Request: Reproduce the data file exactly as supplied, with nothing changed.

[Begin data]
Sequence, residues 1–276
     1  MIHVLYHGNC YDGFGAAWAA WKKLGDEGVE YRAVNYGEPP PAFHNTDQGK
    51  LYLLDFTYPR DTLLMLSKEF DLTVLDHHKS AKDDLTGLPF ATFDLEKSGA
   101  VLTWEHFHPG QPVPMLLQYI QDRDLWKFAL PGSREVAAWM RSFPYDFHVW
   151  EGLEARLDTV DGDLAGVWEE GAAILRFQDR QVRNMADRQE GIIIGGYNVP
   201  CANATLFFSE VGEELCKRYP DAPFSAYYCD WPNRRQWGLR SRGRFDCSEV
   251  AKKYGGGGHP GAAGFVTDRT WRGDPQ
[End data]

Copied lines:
Sequence, residues 1–276
     1  MIHVLYHGNC YDGFGAAWAA WKKLGDEGVE YRAVNYGEPP PAFHNTDQGK
    51  LYLLDFTYPR DTLLMLSKEF DLTVLDHHKS AKDDLTGLPF ATFDLEKSGA
   101  VLTWEHFHPG QPVPMLLQYI QDRDLWKFAL PGSREVAAWM RSFPYDFHVW
   151  EGLEARLDTV DGDLAGVWEE GAAILRFQDR QVRNMADRQE GIIIGGYNVP
   201  CANATLFFSE VGEELCKRYP DAPFSAYYCD WPNRRQWGLR SRGRFDCSEV
   251  AKKYGGGGHP GAAGFVTDRT WRGDPQ